What upgrade kits are available? (microcomputer upgrade kits) (Compute's Getting Stated With: Upgrading Your Processor)
by Richard O. Mann
If the miasma of numbers and letters in the chip names is giving you a headache, perhaps a few words of explanation can help clear things up.
Intel Corporation designs the original PC chips - from the first 8088 processor in the original IBM PC to the latest CPU chip, the Pentium (which would have been the 586 had Intel not felt a need to abandon its number-naming scheme). After each new generation of chips is released, other chip manufacturers clone them by creating as compatible a chip as they can. Advanced Micro Devices (AMD) has been at it the longest; Cyrix joined the competition in recent years. As we go through the mug book of current chips, you'll see both AMD and Cyrix chips, along with the Intel chips.
Starting from the chips you'll be swapping out, here's the lineup of today's chip market.
Intel 386SX. Available in speeds from 16 MHz to 33 MHz, this workhorse chip uses a 32-bit bus internally and a 16-bit bus externally while offering full 386 multi-tasking capabilities. It has the equivalent of 275,000 transistors.
Intel 386DX. The DX model is the full 386 chip, running at 16 MHz to 33 MHz and using a 32-bit bus both internally and externally. It also has the equivalent of 275,000 transistors.
Intel 386SL. Available in 20 and 25 MHz speeds, the 386SL is similar to a 386SX in that it uses a 32-bit internal bus and a 16-bit external bus. It was designed for use in laptop computers, because it has both cache and memory controllers on board and uses less power. Created after the 486 chip for this special use, it has 855,000 transistors.
Am386DX. This is the monopoly-busting 386DX chip from AMD; it runs at speeds of 25, 33, and the unique 40 MH. It uses a 32-bit bus both internally and externally and accomplishes this with only 161,000 transistors. Its lower price at introduction forced Intel to drop its prices.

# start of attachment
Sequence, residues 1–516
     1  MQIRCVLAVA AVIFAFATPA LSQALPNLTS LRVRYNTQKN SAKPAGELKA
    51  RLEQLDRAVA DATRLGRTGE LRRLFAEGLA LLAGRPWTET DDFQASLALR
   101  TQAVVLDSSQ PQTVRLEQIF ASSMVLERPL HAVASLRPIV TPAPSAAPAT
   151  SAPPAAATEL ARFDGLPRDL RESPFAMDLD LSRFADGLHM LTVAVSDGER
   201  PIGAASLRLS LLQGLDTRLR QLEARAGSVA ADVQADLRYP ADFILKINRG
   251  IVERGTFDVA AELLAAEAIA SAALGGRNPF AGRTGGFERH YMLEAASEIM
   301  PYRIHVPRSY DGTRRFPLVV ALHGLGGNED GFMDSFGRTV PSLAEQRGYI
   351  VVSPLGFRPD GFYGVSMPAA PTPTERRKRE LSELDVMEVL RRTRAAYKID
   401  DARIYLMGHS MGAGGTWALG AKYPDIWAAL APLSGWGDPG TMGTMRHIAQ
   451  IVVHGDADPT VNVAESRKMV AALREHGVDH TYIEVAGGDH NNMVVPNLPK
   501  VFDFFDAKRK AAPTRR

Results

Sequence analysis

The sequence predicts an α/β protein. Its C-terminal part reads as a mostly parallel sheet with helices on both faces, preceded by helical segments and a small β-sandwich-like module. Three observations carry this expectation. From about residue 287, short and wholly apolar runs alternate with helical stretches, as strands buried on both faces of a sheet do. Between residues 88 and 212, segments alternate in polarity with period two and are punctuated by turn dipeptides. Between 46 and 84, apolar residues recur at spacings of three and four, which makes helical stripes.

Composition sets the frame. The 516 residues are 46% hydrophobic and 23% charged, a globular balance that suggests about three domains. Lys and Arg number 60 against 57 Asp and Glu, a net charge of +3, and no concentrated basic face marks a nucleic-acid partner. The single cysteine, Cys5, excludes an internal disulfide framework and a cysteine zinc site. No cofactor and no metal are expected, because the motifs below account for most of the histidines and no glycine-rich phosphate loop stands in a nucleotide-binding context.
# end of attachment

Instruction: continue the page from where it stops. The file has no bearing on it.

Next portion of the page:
Am386SX. AMD's popular 386SX is like the Am386DX except for its 16-bit external bus. Several power-saving features were built-in, so it consumes 35 percent less power than Intel's 386SX.
Intel 486SX. Available in 16 to 33 MHz models, this 900,000-transistor chip is a 486DX with the math coprocessor masked off. It uses a 32-bit bus both internally and externally and has an 8K internal cache. Its enhanced microcode also contributes to its speed.
Intel 486DX. Running at 25, 33, and 50 MHz, the 486DX uses 1,200,000 transistors, a built-in math coprocessor, an 8K cache, and enhanced microcode to perform its high-speed magic. It uses a 32-bit bus internally and externally. (Trivia: The 486DX is 50 times faster than the 8088 chip in the original IBM PC.)
Intel 486DX2 or OverDrive Chip. The DX2 doubles the internal clock speed of a 25-MHz 486DX to a speedy 50 MHz, or doubles a 33-MHz 486DX to an even speedier 66 MHz. The speed increase is only within the CPU; the external bus runs at the original clock speed. When sold to be used in a new computer, it's called a DX2. When sold as an upgrade to a current system, it's an OverDrive chip.
Cx486SLC. This 20, 25, or 33 MHz chip from Cyrix uses an internal 32-bit bus and a 16-bit external bus. With only 600,000 transistors, a 1K cache, and no math coprocessor, it's different from an Intel 486SX or DX. Intel argues that it's really performs more like a 386 than a 486.
Cx486DLC. This one is Cyrix's true 486-compatible chip, with a 32-bit data path internally and externally, a 1K cache, a built-in math coprocessor, and 600,000 transistors.
Cx486DRu.sup.2. Cyrix's name-convention-busting Cx486DRu.sup.2 chip is Cyrix's answer to Intel's Dx2/OverDrive chip. It's a 600,000 transistor clock-doubler designed as a replacement unit. (DRu stands from Direct Replacement upgrade.) It's available to double the speeds of 16, 20, and 25 MHz machines. Its bus, of course, is 32 bits internally and externally. it's a little taller than an Intel 386DX chip, so it may not fit into computers with limited headroom over the chip socket.
Pentium. See the companion article, "Future Upgrade Options," for the details of this latest Intel processing miracle.